We all know that cloud-native applications are different from legacy ones. Cloud apps have a tendency to use discrete application building blocks, to use distributed hardware, to have different scaling attributes, and to be iterative in nature. Of course, those are all generalizations, but they're fairly safe generalizations. The reason that containers, in general, and Docker in particular, have gotten such traction is because containerization totally lends itself to a cloud-native way of working. Like peanut butter and jelly. Or something.
We've already seen some announcements around a movement to regularize the way container technologies work, and the one-time tension between container players Docker and CoreOS resolved for the common good with the announcement of the Open Container Initiative.
Today, the broader orchestration of containerized applications gains its own foundation. The Linux Foundation is announcing the formation of The Cloud Native Computing Foundation. It's a pretty dismal name but, that aside, the new organization has some lofty goals - it wants to help advance the way organizations work to build cloud-native applications, allowing developers to take full advantage of existing and yet-to-be-developed open source technologies.
Founding organizations for the initiative include Box, Cisco, CoreOS, Cycle Computing, Docker, eBay, Goldman Sachs, Google, Huawei, IBM, Intel, Joyent, Mesosphere, Twitter, Switch SUPERNAP, Univa, VMware and Weaveworks. In other words, a who's who of companies in the broader container space. The purpose of all these players is to align the multitude of different open source initiatives related to cloud applications and ensure that they all work together somewhat in unison. Or at least that is the intention, as other open source initiatives have shown that commercial interests sometimes get in the way of these aims.
According to the Linux Foundation, this new organization will look at open source at the orchestration level, followed by the integration of hosts and services by defining APIs and standards through a code-first approach, whatever that means. It is interesting to look at this announcement in the light of Docker's own rise to prominence. While Docker is focused on the container itself, and this new Foundation is all about orchestrating containers of any type, I suspect there is a little bit of overlap, especially when one looks at Docker the company, the commercial entity behind the eponymous initiative. Docker needs to justify its stratospheric valuation. To do so it needs to be a producer of more than a lovely little container. It needs to "own" far more of the developer lifecycle - it's not a stretch to suspect that this includes parts of the orchestration of containers as well. Still, that's an issue for a later date, I guess.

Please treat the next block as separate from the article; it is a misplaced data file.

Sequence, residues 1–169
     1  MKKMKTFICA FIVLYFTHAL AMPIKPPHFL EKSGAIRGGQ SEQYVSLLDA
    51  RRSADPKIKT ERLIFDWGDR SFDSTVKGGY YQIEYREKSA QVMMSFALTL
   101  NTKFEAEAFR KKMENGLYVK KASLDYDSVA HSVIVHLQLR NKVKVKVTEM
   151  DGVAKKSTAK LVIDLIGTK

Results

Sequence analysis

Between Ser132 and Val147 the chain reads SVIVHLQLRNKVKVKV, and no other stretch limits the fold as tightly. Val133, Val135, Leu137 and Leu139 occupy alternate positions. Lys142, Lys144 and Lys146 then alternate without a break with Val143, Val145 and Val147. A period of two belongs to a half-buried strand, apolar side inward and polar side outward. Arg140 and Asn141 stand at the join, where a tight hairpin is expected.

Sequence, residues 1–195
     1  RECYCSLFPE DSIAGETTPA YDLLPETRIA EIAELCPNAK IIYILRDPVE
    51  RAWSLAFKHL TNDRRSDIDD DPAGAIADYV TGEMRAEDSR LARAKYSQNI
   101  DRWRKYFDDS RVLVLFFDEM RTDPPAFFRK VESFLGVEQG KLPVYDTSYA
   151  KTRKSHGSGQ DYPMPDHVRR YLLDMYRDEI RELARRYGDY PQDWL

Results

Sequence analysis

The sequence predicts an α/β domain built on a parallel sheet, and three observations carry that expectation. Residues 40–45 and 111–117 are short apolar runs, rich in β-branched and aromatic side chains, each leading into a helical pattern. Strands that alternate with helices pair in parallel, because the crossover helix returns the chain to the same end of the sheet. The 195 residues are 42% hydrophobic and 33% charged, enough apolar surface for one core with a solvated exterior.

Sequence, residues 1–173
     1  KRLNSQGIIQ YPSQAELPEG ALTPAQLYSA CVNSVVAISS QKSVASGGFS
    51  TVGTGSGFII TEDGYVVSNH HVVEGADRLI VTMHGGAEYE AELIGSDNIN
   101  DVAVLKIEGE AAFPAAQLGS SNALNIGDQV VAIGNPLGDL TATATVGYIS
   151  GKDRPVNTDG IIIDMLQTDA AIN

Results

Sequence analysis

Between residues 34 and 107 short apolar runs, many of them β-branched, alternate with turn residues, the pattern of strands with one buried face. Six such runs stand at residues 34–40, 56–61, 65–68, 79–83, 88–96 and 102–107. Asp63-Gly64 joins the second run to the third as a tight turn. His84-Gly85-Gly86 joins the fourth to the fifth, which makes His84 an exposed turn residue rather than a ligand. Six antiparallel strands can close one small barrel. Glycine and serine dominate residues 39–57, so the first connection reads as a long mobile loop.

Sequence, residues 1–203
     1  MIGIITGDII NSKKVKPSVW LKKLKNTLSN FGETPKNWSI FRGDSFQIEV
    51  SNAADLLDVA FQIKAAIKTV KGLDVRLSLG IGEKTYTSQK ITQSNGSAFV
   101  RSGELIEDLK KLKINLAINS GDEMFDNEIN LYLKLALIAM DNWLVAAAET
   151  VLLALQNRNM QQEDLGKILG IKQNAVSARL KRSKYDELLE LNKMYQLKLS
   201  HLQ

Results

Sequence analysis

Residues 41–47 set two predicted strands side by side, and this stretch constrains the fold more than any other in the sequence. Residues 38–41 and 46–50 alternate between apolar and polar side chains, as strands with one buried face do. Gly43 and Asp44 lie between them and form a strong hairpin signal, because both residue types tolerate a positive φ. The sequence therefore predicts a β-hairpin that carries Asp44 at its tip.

The various parties did speak a little to the Open Container Initiative, saying that:
The organization will also work with the recently announced Open Container Initiative on its container image specification. Beyond orchestration and the image specification, the Cloud Native Computing Foundation assembles components to address a comprehensive set of container application infrastructure needs. This work seeks to improve the overall developer experience, paving the way for faster code reuse, improved machine efficiency, reduced costs and increases in the overall agility and maintainability of applications.
In terms of its mandate, The Cloud Native Computing Foundation will be responsible for stewardship of the projects, fostering growth and evolution of the ecosystem, promoting the technologies and serving the community by making the technology accessible and widely adopted. On the all-important governance aspects, The Foundation will include a Technical Oversight Committee and an End User Advisory board to ensure alignment of needs between the technical and end-user communities.
In terms of hard code, Google is fronting up and contributing Kubernetes, the open source container orchestration tool that it created, to the Foundation. Coincidentally, Kubernetes is now mature enough to be deemed to be at V1, and has seen 14,000 commits from 400 contributors. CoreOS, the home of some previous tensions in the container world, and now the creator of Tectonic, the first commercial distribution of Kubernetes, is on board with this foundation. Even Mesosphere, commercial home of a tool that, arguably, has some overlap with Kubernetes, is on board with this.
It's very early days, but by getting all of these companies together and banging some heads together, perhaps some future tensions can be avoided. I'm not quite ready to believe that everyone is sitting around singing Kumbaya and ready to put all commercial reality to the side, but for now this is an interesting, and positive, development,
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